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“These sweating, emaciated-looking bodies! But most of all, those faces! Those faces! He had come all this way with a heart of compassion (as he believed) toward these people who did not know the Gospel, but now, as he looked at these faces, he felt utter revulsion and a nameless fear.

“He could never stay among those faces? In sudden agony he groaned ‘God, have I misread thy guidance? Please give me some direct world from thyself’. He quickly pulled out his pocket New Testament – which he had not used during the voyage because he had his study Bible with him.

“As he opened his pocket testament, out fell the note hurriedly given him at Dublin by his Sunday School teacher, it simple quoted Jeremiah: 8: “BE NOT AFREAID OF THEIR FACES”!

In 1909 William and his wife returned to Britain and settled in Cambridge. It would appear that his health did not allow him to return to China. Around 1912 the family moved to Billericay, where he continued his general medical practice, taking over Barnsley House in the High Street.

He appears to have teamed up with a Mr Hills who had built the Gospel Hall in Chapel Street, Billericay, in 1906. In 1919 Dr R Bowsman joined him in partnership at Barnsley House.

William, around this time purchased the Hall from Mr Mills and for several years he superintended the work there. He often preached himself and invited preachers of many different denomination. His daughter Marie stated that her father bought the hall because so many of his patients were being converted, he needed somewhere to minister to them spiritually.

The 1921 census has William and family living at Barnsley House.

Echo: The Shackleton homeThe Shackleton home

Sarah Alice, his wife, we established was born Ipswich, Suffolk, in 1873. His children, Angus May, born Cambridge 1910, William Isaac, Cambridge 1912, and Lizzie Ann born in Billericay 1914.

They had two servants - one a cook, and one nurse and house keeper.

William was a much-respected doctor and described as “a man of prayer but somewhat eccentric”. His main eccentricity being that he would always pray with the family before examining a patient he visited.

It was while under William the hall was called ‘The Un-denominational Church’.

Following the war breaking out in August 1914 the Hall was opened up as a reading and writing room for the soldiers and Agnes Rose, William’s aunt who was living with the family, and other ladies in the afternoon would mend their socks.

Agnes Rose - the aunt of both William and Ernest Shackleton - had been born on May 2, 1845 in Kildare, Ireland, and lived with William at Barnsley House. She would die in Westcliff on July 3, 1921, at the age of 76 and would be buried in Great Burstead Churchyard.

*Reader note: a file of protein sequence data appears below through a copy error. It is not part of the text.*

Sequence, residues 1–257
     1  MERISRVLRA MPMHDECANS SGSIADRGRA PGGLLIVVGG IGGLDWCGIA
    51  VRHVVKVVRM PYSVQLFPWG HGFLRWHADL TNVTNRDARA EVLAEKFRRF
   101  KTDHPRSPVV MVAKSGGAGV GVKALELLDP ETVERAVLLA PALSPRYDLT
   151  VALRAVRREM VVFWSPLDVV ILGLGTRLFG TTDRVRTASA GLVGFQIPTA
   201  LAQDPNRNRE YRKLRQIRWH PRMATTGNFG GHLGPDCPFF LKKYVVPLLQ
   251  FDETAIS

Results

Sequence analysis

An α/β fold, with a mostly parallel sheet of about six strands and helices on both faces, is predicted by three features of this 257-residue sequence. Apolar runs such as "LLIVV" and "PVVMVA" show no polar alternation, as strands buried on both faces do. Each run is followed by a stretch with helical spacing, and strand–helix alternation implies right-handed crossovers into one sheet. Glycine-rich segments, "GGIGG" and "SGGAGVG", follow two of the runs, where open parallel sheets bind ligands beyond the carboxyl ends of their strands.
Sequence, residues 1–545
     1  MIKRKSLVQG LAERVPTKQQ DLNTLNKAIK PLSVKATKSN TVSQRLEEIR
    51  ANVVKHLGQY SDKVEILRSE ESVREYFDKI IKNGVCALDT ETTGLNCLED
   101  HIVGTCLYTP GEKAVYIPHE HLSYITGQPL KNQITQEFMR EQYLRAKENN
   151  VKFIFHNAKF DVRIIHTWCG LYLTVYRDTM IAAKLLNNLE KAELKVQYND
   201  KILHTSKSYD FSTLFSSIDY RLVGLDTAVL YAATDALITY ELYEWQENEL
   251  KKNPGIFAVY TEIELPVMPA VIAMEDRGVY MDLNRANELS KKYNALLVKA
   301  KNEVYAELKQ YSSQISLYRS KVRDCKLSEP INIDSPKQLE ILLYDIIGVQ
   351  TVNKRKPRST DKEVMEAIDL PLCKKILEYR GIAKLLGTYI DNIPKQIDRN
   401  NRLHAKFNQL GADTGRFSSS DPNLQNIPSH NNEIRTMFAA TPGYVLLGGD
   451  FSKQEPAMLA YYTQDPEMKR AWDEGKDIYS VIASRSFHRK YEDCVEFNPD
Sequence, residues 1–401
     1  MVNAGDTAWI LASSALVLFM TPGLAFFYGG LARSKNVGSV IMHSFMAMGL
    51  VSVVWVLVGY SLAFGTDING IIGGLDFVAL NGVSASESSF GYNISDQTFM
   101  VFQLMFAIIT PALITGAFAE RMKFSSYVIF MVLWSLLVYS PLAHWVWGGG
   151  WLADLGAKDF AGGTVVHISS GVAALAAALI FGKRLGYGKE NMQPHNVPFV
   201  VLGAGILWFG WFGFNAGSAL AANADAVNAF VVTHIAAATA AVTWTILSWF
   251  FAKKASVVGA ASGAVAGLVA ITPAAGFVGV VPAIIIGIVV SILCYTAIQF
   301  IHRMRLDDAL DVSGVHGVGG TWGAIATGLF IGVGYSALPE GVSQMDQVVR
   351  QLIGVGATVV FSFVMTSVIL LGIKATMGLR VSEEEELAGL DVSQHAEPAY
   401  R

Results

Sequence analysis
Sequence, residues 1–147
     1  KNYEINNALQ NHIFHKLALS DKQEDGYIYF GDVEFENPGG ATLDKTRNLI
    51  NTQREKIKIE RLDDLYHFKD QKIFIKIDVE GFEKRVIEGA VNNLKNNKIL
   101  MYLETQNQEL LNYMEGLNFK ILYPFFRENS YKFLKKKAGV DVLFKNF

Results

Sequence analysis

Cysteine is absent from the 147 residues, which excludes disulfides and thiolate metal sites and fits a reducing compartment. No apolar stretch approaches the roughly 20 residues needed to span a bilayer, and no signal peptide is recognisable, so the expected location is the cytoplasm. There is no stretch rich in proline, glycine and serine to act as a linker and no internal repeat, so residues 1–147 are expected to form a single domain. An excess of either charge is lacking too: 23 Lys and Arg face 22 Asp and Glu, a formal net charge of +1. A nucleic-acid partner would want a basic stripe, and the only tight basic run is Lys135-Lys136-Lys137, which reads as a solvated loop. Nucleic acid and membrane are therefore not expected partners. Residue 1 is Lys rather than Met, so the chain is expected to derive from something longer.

The hall was open from 2pm to 4pm, then again from 6pm to 8pm when there was singing, short address. Sundays was obviously reserved for services. There were fresh regiments of soldiers every three weeks. This went on for approximately two years.

In these early days, grass grew between the cart wheel tracks on Billericay High Street, and livestock grazed on a field between the High Street and Chapel Street.

From the house, members of the church bible class would walk through his large garden and across the meadow to the Hall where he would conduct services. It was possible around this time that people called it High Field Gospel Hall.

David Collins was attending the Gospel Hall on the Sunday when war broke out. It was about 11.20am when the congregation heard an air raid siren.

A hymn was being sung at the time and some people thought the noise of the siren was something wrong with the organ!

Soon the preacher, Dr. Shackleton, asked for quiet and then said “Surely not an air raid. Surely, they wouldn’t – not on Sunday”.

It was not long afterwards that William, left Billericay in 1940 for Ireland.

He had reached the age of 70 and was no longer allowed to practice in England but could in Northern Ireland. It was another 20 years before he returned to Billericay in 1962 to be nearer his son and daughters.

He sold his home in Ireland in order to have a smaller place without stairs, and was looking forward to renewing many old acquaintances when the warmer weather came. But after a two-week illness he died on Sunday, March 3, 1963.

Echo: Alma Link - should this road be named Shackleton Link?Alma Link - should this road be named Shackleton Link?

He was living at the time at Mountnessing Road, Billericay. His funeral service was held at the Billericay Evangelical Free Church on March 7, 1963.

Alma Link which connects Billericay High Street with Chapel Street is a curious little road that masquerades as an entrance to Waitrose car park and was probably not intended to be used as a short cut between these roads, albeit one-way.

Its name was derived from Alma Hatt, Basildon’s first town manager. When this link was proposed, at the time Waitrose submitted an application for a new store, many pressed for it to be named after Dr William Shackleton.

Alma worked hard to establish the New Town of Basildon and died young while still in office. But the good, if controversial, doctor, with his Billericay connections, surely had the better claim - at least that was view of the Billericay Society and many others.